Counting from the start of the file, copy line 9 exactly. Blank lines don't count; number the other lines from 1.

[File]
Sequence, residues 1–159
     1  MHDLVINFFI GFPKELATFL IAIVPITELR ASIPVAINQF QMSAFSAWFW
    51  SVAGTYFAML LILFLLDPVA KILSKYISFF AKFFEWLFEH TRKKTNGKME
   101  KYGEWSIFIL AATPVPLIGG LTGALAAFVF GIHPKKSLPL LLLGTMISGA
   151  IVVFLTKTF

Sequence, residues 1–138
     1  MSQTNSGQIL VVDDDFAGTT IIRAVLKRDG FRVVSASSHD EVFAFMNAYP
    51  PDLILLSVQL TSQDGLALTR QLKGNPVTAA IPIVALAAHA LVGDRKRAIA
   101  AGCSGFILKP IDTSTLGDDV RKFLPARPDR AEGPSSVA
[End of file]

   101  AGCSGFILKP IDTSTLGDDV RKFLPARPDR AEGPSSVA